Sunday, August 27, 2006

Seeing the Light

This is the first of hopefully many blog’s and ramblings I will be posting on the PAC Tour website. There will not be any planned schedule or agenda to these pages, but I may keep you posted of current events that are happening during a tour for example. It could also happen that some recent event may remind me of a past related story from 20 years ago that I decided to write about. Either way, I promise I won’t be writing just to fill up page space but I can’t guarantee everything I write will be that interesting or insightful.

Seeing the Light of Bicycle Lights
Susan and I were getting ready for Brevet Week next May. As we were writing the guidelines for the week we wanted to include something about bike lighting standards. I decided to order a selection of different battery lights and do a comparison test between them.

I ordered five small lights. These are all small enough to fit in your hand with batteries included. These are not lights with separate battery packs. I know there are some great lights with water bottle size battery packs that will last all night with a bright LED light. This light test was more to establish lighting minimum standards. Some of what I found out might apply to other high powered LED lights as well.

These are the lights I tested.

Cat-Eye HL-EL 400 OptiCube LED $29
runs for 80 hours on 3-AAA batteries

Cat-Eye HL-EL 300 Opticube LED $29
runs for 30 hours on 4-AA batteries

Cat-Eye HL-EL 510 LED $45
runs for 30 hours on 4-AA

Cat-Eye HL 500 Halogen $19
runs for 3 hours on 4-AA

ACE Hardware LED Flashlight $10
runs for 15 hours on 3-AAA

I did a simple test on a pitch black night in my driveway. I stood 100 feet from my garage door and places a 24 inch x 6 inch white sign with 4 inch red lettering on the garage door. At a height of three feet above the ground I shown each light at the door and tried to read the lettering on the sign.

The Cat-Eye 400 has the longest battery life, but the poorest illumination. The sign was barely visible at 100 feet except for a medium reflection from the sign and a 20 foot wide beam pattern.

The Cat-Eye 300 was next best. The entire garage door was lit about twice as bright at the Cat-Eye 400. The beam pattern was wider at about 30 feet.

The Cat-Eye 510 was third overall. This was the most expensive light and was about 25% brighter than the Cat-Eye 300. The beam pattern was the same as the Cat-Eye 300.

The next best was a surprise. The ACE Hardware six inch flash light was actually quite good. The beam pattern was more broad without the jack-o-latern streaks of the Cat-Eye lights. It would make a good bike light if there was a way to secure it to the handlebars.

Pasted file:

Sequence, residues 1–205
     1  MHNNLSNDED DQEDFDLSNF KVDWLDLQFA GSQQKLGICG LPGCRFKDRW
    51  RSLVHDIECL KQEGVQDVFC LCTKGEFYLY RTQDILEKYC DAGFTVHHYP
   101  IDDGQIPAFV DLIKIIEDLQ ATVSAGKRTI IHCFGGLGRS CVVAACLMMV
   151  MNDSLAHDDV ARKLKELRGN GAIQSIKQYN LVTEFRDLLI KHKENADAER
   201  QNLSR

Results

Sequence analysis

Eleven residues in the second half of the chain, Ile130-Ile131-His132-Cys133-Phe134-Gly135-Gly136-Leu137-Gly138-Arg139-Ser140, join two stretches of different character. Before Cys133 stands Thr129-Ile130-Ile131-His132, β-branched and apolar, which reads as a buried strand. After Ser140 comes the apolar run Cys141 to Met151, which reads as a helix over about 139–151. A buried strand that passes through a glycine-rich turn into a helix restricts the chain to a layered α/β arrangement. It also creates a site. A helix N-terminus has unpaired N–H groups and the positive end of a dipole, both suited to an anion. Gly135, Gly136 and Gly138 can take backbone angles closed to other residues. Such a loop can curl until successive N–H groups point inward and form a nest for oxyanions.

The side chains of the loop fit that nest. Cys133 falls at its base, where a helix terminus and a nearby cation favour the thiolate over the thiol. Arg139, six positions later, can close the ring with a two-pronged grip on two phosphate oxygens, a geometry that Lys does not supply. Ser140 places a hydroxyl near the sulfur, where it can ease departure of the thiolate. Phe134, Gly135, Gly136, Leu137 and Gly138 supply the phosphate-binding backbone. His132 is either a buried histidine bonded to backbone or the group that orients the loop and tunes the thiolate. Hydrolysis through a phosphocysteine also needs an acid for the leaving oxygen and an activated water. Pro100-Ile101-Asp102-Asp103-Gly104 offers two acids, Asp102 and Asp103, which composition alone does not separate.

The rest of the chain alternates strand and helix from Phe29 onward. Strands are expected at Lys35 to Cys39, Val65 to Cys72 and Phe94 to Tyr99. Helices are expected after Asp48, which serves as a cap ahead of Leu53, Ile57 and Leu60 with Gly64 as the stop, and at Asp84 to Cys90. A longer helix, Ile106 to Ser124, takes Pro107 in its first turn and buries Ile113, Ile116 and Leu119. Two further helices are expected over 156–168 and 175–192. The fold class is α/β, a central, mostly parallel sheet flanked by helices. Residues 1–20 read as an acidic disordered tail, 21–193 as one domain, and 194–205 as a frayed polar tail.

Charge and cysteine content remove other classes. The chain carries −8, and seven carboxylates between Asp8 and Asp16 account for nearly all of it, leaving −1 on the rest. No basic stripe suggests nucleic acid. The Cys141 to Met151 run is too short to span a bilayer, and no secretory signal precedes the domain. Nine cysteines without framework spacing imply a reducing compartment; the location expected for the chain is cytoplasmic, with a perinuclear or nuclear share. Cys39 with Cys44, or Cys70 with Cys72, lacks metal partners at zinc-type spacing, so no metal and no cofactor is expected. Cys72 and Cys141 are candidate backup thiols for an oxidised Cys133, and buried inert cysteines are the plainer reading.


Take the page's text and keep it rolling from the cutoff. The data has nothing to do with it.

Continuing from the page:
Even more of a surprise was that the old fashioned Cat-Eye Halogen 500 tested so well. The beam pattern was bright at 100 feet and the somewhat yellow illumination was actually easier for me to read my little sign on the door.

I asked Susan to give her ranking of the lights from dimmest to brightest. I shined the lights in random order for Susan to evaluate. Her rankings were the same as mine with the Halogen light testing out as the most visible for illuminating 100 feet in the distance.

That got me thinking that a rating of usable light might be better system than candlepower ratings. I lined up all the lights side by side spaced two feet apart. True to the candlepower ratings the Cat-Eye LED 500 was the brightest. All the LED lights were almost blinding to look straight into at from 50 feet away. The old Halogen looked like it should be used for a romantic dinner in the back corner of a restaurant.

So why was the dimmest light the best for seeing? I had a similar situation during a 400 KM Brevet in 2003. I had two bright Cat-Eye 300 LED lights shining down the road but I had a hard time seeing the difference between the grass along the shoulder and the pavement. For the 600 KM I switched to two Halogen lights. On the same stretch of road I only needed one light to see fine. I used the same lights at Paris Brest Paris and they worked well. The only problem is that the 4-AA battery life is not that great and needed to be changed every three hours.

There might be a better scientific explanation as to the best lights for illuminating to road. I just know for me the Halogen wave length makes it easier for me to see the road than a more powerful LED light. Maybe you have had similar findings or prefer the LED light better. These are just some things to consider when choosing a light for night riding.